9. Lines MN and NP are drawn. Line NP is divided in two by a perpendicular line, locating thus point P1. A parallel to the line PLL is traced through P1 meeting lines 1H at 5 and LLM at S respectively. Note that this line does not appear on the figure due to occlusion by other objects.
10. With 5 as center scribe an arc equal to 5 1, (an underline is used here for clarity when two points labeled with numbers are joined) locating thus point P2 on line P1 5.
11. A parallel to NP through P2 is traced which intersects line NM at point T. A parallel to NLL through point T is drawn which intersects line 1H at V. The intersections of line TV with MLL, and of TV with 5P2, locate centers 7 and 6, respectively.
12. With centers 6 and 7 draw arcs equal to 6P2 and 7T respectively, which meet at point M.
13. A semicircle of radius SLL centered at LL is traced which intersects line RLL at 8. An arc of circle centered at 8 and radius 8M is traced. A line tangent to this circle through point D1 is drawn. BN intersects this line at X. Centered at B and radius BC2 an arc of circle is drawn which meets BX at 9.
14. Centered at 9 a semicircle tangent to D1X is traced which locates points Y and Z on BX.
15. Finally a line tangent to both arc 4B and semicircle YZ is drawn; this completes the contour outline of the guitar.
The aforementioned variation of a 5 centered "basket handle" arc refers to the way point C3 is obtained; in one method this is obtained by tracing a parallel to line DD1 through point H. The arc of circle C3H would be centered at point I. Instead it is centered at point 1.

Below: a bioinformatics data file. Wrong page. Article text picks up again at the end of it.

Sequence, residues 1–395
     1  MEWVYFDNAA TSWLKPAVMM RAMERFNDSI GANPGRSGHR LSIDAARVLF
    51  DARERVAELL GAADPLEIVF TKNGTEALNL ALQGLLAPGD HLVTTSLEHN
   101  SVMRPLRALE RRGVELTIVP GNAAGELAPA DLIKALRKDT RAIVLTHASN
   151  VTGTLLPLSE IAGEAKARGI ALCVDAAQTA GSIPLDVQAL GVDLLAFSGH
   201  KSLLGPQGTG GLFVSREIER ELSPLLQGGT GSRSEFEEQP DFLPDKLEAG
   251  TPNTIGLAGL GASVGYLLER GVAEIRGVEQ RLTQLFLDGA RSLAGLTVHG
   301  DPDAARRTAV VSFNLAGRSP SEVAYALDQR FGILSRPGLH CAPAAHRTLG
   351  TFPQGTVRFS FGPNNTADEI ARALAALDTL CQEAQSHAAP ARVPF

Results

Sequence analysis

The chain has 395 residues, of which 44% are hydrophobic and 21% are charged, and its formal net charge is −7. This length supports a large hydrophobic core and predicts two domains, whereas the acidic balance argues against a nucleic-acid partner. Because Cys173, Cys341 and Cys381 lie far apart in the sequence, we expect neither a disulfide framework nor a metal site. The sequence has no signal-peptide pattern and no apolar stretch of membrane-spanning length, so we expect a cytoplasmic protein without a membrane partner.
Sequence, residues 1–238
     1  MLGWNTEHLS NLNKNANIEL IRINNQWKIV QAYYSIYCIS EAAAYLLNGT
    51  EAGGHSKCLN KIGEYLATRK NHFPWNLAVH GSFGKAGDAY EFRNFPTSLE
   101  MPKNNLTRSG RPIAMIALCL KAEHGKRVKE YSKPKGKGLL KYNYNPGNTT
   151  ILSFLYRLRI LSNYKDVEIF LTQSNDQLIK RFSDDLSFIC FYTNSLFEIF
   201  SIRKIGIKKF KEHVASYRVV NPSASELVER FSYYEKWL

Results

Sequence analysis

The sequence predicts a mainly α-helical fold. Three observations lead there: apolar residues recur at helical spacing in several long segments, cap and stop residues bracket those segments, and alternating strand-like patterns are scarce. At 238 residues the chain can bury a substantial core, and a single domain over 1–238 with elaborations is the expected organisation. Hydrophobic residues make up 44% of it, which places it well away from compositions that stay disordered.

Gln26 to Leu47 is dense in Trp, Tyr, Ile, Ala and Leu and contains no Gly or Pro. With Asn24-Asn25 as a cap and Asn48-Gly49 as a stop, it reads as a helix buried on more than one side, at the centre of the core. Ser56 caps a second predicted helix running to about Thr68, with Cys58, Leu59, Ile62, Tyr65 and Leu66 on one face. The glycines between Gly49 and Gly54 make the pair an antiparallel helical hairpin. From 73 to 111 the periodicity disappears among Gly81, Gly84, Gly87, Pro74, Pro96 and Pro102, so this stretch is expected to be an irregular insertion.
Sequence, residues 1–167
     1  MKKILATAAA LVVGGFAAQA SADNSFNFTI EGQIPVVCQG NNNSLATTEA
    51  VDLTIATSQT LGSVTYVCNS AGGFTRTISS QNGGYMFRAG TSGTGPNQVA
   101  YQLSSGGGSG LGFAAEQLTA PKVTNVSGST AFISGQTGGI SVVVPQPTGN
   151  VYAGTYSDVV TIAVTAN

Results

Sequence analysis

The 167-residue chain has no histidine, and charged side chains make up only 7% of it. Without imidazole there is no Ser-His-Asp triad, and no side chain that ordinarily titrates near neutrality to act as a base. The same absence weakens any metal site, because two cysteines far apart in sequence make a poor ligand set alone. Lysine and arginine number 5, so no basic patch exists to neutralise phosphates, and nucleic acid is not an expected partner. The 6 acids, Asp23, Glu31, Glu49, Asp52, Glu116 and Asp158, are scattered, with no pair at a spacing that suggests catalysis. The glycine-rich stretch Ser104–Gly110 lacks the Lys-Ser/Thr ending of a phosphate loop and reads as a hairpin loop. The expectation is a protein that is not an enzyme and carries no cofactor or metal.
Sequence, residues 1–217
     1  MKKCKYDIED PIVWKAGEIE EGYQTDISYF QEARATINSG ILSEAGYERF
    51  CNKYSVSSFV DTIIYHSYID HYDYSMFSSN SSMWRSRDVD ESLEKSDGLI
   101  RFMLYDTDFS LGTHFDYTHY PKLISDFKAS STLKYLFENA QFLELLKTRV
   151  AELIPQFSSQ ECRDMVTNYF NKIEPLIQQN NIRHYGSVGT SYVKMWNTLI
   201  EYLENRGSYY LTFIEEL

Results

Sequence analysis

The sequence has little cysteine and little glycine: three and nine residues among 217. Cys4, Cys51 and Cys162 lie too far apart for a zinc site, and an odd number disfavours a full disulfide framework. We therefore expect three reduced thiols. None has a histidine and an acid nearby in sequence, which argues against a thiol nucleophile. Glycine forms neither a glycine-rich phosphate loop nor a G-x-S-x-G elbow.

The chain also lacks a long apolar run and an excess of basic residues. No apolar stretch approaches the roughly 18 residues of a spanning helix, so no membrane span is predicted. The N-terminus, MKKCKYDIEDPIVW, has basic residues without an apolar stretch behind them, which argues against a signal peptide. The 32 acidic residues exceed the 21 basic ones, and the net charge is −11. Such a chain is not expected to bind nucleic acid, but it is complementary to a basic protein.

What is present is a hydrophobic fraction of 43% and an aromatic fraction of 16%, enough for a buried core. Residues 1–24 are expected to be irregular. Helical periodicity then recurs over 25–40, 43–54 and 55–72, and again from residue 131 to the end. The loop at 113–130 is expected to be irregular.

The geometrical method presented here is applied as an approximation to the Torres design. The method solves at least a very mundane problem: how does anyone draw, without relying on a template or plan, a guitar's contour at a given scale? Even if limited in scope it could be of some interest for those who deal with these matters.
IV. ACKNOWLEDGMENTS
I want to thank M. Eng. Antonio Perez L. for his help in the drawings during the development of the method.
V. Bibliography
1. Tom and Mary Anne Evans. (1978), Guitars, Music History, Construction and Players from the Renaissance to Rock, Paddington Press LTD, New York & London.
2. Henri Arnault de Zwolle,Manuscrit Latin n 7295, B. N. Paris (http://www.lutesociety.org/pages/buildingluteoriginalmethods).
3. Denis, Franҫois. (April 2009). The Strad. (http://www.thestrad.com/)
4. Ekwall, A. (May 1981). A study of the StradivariSacconi violin arching for getting a computarizable arching of the same type. CAS Newsletter, # 35.
5. Ekwall, A. (November 1975). A new type of violin drawing. CAS Newsletter, # 24.
6. Fletcher, Neville H. (1998). The physics of musical instruments, Springer Science+Business Media, Inc. New York.
7. Bader, Rolf. (2005). Computational Mechanics of the Classical Guitar. Springer Verlag Berlin Heilderberg.
8. Childers, Richard L. (May 1984). CAS NL # 41.
9. French, E. T. (1911). Engineering Drawing for (students and draftsmen), Mc Graw Hill, New York. A version of this method appears in the following link http://etc.usf.edu/clipart/76200/76202/76202_elps_5ctrarc.htm
10. J. Sloane. I. (1966). Classic guitar construction. E. P. Dutton Co., New York.